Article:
Underground pipelines are lifelines when disaster strikes, especially in earthquakes. Now, researchers have discovered how to make water lines that will bend and move rather than snap and rupture in an earthquake.
The proving ground was Christchurch, New Zealand. The findings are now about to benefit Southern California.
Thomas O'Rourke, a professor at Cornell University, has found that medium- and high-density polyethylene pipelines (MDPE and HDPE) survive even when the earth liquefies and shifts. He and his colleagues at Cornell and Rensselaer Polytechnic Institute proved it using a mega-lab at Cornell and the centrifuge at RPI, all part of the George E. Brown Jr. Network for Earthquake Engineering Simulation (NEES). The next, harder part was convincing government leaders to try it.
It wasn't an easy sell at first, even though the materials – basically plastic – are relatively inexpensive. In Christchurch, which suffered a series of devastating earthquakes in 2010-2011, government leaders hedged and installed just 2.5 kilometers of polyethylene pipe and used more conventional pipe for the rest of the repairs. When two earthquakes hit, displacing two to three meters of earth, the standard segmental pipelines were destroyed, but all of the polyethylene conduits held.
Polyethylene pipelines are made by thermo-welding lengths of pipe together to form a continuous pipeline. Segmental pipelines have couplings or joints. The pipe at the joints is often not restrained from pullout under tension. The joints are generally weaker in bending and tension than a continuous pipeline of the same material.
"It was stunning," O'Rourke said. "Lateral spreading and settlements exceeded two meters for the segmental pipelines, but they didn't have to replace or repair the polyethylene pipes."
Building on NEES test results and the favorable Christchurch pipeline performance, Los Angeles engineers are preparing to install HDPE pipelines in the Elizabeth Tunnel, which carries Los Angeles aqueduct water across the San Andreas Fault, providing half of LA's water supply. It will significantly increase the likelihood that the water - the most important resource after an earthquake - will be available to 4 million people.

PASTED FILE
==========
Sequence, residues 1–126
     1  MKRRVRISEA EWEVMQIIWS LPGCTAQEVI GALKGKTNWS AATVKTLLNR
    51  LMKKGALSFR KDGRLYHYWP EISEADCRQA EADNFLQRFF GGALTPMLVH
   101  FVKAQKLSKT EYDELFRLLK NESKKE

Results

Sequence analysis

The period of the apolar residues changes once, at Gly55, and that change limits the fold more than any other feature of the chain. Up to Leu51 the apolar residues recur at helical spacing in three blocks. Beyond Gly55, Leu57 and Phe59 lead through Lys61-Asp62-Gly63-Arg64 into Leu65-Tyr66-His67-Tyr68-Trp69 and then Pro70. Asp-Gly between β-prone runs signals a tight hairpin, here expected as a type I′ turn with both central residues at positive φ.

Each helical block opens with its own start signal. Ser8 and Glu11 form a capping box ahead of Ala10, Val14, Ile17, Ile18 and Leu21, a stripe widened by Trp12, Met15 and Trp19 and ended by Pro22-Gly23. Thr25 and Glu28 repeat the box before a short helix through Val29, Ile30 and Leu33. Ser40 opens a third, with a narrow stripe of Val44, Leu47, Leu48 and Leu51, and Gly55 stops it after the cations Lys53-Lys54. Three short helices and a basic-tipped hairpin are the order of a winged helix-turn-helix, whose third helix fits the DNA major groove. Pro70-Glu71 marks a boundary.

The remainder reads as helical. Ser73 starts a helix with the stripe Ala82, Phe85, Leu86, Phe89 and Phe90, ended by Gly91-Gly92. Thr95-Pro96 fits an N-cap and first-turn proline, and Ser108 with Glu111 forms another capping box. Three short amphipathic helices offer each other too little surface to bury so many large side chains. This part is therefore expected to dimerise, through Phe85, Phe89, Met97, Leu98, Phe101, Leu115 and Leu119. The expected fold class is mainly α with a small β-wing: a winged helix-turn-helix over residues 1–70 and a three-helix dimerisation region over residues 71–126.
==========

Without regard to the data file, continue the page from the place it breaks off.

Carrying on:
The tunnel is approximately three meters wide, and water moves by gravity flow. The new pipes will provide an auxiliary water supply, conveying water even when the tunnel is virtually cut off or collapsed. Pumps can be added to increase flow.
The $4M to $5M project is expected to begin this fall and be completed in phases over the next four to eight years. More than 2.5 miles of the 30-foot diameter pipeline will be installed about 2,000 feet at a time, necessitating about a one-month shutdown each time, says Craig Davis, geotechnical engineering manager for the Los Angeles Department of Water and Power.
The groundbreaking research was performed at NEES@Cornell's Large-Scale Lifelines Testing Facility, a world-class resource focused on underground lifelines – water, sewage, oil, gas, electrical, etc. The pipeline research, performed with Professor Harry Stewart at Cornell, involved large-scale tests with more than 90 metric tons of partially saturated sand per test and 1.2 meters of strike-slip displacement, making them the largest ever preformed in an experimental facility.